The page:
Jha D Williams : [00:14:18] So if you read anything about us we just recently were announced as the winners of the King Boston Memorial in Boston which is a memorial design on the Boston Common to honor Coretta Scott and Martin Luther King. As a native of Boston, I am so excited, y'all. I called my mother crying, screaming, I'm like oh girl we made it, like I was so you know it was it was it was really unprofessional, but professional at the same time because you get to invent what professionalism looks like everyday you show up, but anyways. So this is the Boston Common, it is one of the oldest common spaces/largest parks in the United States definitely in Boston, for sure. And our office for those of you that are wondering, is right here on the corner of the screen, so it's also very exciting for our office that we're essentially contributing to the neighborhood that we're currently working in. The King Boston Organization decided a few years ago that they were going to really honor and celebrate Martin Luther King's legacy in the city of Boston, in collaboration and in conjunction with that of Coretta Scott King. Most folks do or don't know that they actually met in Boston while they were studying, Martin Luther King at BU and Coretta Scott at the New England Conservatory. And so this is where their love story started. And so when we started this project we were working with the artist Hank Willis Thomas and we immediately decided that we were going to elevate and celebrate the love of the couple, as well as obviously celebrate the individuals, but so many of the existing memorials in this country contributed to Martin Luther King are of his likeness, are statuary, they're these figures and there's one that honors Coretta Scott King and neither, or none, rather, talk about them as people, as a couple, as their love. And so we started being inspired by this photo here of the couple and moved forward with this notion of the embrace. And so it's this you know 22 to 25 foot tall sculpture that is an interpretation of that photo that we actually do expect people to occupy, we expect them to get in it and hug, you'll see a rendering of that in a moment, because there was definitely a consistent message of love and everything that the Kings promoted. In all the work that they did throughout the entire civil rights movement there was always this notion of love, and essentially that is our call to action for this project.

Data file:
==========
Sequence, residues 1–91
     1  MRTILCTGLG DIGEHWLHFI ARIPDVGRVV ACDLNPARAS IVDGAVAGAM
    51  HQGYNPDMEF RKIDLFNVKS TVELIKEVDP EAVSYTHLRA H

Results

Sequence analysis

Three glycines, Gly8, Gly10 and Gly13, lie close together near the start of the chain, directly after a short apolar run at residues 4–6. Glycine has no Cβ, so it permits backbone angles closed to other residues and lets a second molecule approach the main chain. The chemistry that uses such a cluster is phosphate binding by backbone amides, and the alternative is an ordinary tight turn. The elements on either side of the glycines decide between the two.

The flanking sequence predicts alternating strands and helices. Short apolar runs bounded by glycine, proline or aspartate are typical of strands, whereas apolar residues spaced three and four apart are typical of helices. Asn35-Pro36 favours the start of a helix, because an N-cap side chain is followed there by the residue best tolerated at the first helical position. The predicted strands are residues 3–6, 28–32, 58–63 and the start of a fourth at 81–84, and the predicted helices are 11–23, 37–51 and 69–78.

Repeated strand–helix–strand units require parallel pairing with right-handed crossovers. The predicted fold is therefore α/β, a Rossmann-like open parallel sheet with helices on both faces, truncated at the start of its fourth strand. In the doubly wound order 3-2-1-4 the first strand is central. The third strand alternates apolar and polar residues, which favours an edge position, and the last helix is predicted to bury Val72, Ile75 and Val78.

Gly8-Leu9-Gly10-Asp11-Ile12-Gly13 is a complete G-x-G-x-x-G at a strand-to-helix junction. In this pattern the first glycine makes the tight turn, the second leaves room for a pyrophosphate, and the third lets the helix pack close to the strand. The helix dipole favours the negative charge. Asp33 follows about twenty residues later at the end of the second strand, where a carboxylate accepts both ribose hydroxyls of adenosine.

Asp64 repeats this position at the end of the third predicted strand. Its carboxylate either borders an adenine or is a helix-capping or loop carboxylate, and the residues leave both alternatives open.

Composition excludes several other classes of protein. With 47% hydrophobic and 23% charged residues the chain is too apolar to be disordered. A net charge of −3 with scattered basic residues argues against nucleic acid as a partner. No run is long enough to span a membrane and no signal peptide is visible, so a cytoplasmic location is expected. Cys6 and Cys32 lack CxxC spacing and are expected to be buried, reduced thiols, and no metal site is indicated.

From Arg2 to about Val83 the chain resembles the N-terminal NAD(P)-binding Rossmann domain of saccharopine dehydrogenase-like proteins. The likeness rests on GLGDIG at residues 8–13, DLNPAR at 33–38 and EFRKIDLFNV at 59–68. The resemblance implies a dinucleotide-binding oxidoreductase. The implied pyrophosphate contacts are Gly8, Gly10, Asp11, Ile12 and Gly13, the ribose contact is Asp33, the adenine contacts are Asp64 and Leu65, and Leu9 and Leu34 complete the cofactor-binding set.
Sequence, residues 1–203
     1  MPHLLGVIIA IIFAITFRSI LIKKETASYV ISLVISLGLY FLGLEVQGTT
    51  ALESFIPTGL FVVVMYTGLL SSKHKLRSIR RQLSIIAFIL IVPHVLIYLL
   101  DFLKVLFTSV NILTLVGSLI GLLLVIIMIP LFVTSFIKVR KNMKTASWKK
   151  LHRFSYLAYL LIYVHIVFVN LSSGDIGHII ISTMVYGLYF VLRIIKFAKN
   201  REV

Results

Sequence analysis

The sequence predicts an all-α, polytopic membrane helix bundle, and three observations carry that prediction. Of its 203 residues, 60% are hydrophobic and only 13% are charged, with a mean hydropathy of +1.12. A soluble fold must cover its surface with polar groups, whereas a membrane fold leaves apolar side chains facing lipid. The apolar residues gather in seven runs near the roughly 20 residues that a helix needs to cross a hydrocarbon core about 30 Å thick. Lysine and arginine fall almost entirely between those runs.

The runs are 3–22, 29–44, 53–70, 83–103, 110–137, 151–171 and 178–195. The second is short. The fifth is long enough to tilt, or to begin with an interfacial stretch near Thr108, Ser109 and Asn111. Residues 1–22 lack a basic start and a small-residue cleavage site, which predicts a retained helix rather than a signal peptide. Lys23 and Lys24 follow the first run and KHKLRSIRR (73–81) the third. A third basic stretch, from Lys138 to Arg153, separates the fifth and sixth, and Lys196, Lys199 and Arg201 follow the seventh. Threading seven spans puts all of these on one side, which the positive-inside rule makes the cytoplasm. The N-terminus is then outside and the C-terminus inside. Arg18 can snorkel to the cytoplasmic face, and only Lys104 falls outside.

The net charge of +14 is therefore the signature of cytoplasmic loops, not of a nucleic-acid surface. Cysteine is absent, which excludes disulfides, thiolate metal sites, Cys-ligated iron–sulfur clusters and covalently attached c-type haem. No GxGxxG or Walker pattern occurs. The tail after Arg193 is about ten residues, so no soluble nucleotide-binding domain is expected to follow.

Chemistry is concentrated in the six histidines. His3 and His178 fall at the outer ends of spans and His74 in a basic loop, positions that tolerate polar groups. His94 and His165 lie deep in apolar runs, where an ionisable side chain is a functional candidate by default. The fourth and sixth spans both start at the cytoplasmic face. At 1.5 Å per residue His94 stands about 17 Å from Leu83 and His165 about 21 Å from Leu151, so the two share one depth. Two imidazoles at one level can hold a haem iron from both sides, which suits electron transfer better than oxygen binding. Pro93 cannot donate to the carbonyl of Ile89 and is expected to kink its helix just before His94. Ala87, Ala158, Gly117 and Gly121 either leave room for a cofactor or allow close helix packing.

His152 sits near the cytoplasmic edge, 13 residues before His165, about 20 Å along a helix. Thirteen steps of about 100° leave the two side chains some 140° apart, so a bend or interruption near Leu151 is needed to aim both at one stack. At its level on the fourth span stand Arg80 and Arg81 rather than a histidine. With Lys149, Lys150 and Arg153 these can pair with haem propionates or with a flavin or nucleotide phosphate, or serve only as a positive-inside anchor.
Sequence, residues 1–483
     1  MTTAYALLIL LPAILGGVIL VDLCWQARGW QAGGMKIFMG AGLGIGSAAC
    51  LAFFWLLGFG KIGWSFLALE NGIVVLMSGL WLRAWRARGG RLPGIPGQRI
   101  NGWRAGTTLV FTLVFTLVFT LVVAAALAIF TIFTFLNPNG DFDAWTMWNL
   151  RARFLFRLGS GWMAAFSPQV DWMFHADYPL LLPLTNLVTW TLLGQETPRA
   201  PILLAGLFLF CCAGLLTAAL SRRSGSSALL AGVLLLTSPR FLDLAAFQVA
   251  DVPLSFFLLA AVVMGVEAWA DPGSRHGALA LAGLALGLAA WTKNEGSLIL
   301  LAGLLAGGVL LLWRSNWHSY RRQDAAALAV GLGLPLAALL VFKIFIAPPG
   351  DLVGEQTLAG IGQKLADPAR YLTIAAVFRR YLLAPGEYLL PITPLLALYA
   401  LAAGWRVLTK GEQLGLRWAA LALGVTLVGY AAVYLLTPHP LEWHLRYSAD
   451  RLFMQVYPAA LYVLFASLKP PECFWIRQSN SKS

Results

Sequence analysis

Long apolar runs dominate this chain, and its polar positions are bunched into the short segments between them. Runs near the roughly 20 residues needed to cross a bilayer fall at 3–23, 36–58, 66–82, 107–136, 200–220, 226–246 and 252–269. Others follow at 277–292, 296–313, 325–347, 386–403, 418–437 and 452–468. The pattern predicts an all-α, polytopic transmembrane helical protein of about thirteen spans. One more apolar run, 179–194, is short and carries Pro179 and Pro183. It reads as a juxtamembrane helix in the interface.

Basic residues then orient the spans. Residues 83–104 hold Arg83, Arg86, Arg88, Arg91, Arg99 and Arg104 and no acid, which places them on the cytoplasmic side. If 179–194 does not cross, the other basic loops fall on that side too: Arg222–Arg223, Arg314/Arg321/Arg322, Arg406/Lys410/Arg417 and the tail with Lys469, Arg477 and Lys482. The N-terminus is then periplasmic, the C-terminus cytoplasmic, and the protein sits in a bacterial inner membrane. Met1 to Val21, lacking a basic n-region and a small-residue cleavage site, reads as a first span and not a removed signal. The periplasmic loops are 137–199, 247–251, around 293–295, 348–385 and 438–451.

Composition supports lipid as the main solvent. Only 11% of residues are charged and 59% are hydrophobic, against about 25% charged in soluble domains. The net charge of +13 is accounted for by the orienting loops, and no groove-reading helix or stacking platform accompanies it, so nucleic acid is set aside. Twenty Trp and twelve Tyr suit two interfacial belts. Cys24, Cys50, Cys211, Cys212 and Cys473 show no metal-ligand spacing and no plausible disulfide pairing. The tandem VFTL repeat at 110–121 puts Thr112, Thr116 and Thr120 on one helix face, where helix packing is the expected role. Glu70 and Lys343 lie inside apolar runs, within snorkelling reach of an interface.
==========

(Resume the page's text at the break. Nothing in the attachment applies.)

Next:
Jha D Williams : [00:16:42] And so we had a great time working on this project, there were a lot of debates back and forth, yea no, I'm not I'm not playing you're going to hug when you come here. You're going to take your Instagram photo, and then you're going to hug, and then you can be on your way. There's plenty other things to see in Boston but you will stop here. And so you know we, this was definitely an interesting process in terms of one, you know working with Hank's team they're amazing we worked with them on the memorial, we've worked with them on other competitions, but just working on a memorial in general, especially right now at this day and age what you know what does what does it mean to memorialize someone? Or a moment in time? Should we still be building memorials as a society? Should we be building them in the ways that we are? And so one of the things that we did in Boston Common, there are currently a ton of memorials and statues and they are all bronze, and they're all on these stone plinths, and we decided to use bronze, but we want it to kind of speak to the lack of being able to see oneself in the current statues that are in the common and so we use a high-polished, reflective bronze so that as somebody approaches the sculpture they actually have an opportunity to see themselves in the love, and in the work of the Kings. We won. I'm excited. Thank you. Thank you. I'll also say that that was the fourth competition that I worked on in the time that I've been at MASS. If you remember, I said I've been there a year so you can imagine I'm a little tired. So when we won I did a full lap around our office because it was very exciting to have won a competition since I've been there.
Jha D Williams : [00:18:18] Another product that we're working on is in Shaker Square, Cleveland. Is anybody in here familiar with Shaker Square, Cleveland? OK perfect. And so this is the second oldest transportation-oriented development in the country. Very unique space, a lot of historical character. It's a it's a space that means a lot, to a lot of people we have very quickly found out. And essentially this is an opportunity to revitalize the square itself, but more importantly help to create stronger connections between the two, between the four, rather, neighborhoods that are immediately adjacent to the square itself. So in doing so, for those that are not familiar, this is Shaker Square here in the center. And on one side of the square you have a very affluent, predominantly white, wealthier community population and to another side of the square you have a less affluent, predominantly black community. And a lot of this, I'm sure you all are familiar, was created by redlining and a few other strategic, systematic goals of folks in our history that created these disparities and created these disconnections and so the square is an opportunity to heal some of that.